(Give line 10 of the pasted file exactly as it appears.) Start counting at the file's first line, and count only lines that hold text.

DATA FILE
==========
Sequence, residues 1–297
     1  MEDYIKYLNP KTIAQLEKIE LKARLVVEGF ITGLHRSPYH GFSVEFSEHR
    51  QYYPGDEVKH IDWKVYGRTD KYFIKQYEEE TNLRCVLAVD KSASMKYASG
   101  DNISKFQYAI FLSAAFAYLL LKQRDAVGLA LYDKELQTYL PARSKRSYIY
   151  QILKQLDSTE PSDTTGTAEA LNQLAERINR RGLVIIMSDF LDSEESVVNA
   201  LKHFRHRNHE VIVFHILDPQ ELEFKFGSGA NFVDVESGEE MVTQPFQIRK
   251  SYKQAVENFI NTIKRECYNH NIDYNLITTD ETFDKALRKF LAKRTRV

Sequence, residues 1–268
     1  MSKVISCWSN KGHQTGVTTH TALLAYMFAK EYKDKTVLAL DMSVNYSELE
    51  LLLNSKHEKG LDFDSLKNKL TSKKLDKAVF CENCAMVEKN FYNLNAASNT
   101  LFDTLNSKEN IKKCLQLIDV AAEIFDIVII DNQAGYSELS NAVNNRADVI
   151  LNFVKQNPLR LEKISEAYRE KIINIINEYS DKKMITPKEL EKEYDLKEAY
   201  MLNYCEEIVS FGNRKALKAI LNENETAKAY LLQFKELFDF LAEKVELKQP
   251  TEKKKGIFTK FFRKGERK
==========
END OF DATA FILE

    51  LLLNSKHEKG LDFDSLKNKL TSKKLDKAVF CENCAMVEKN FYNLNAASNT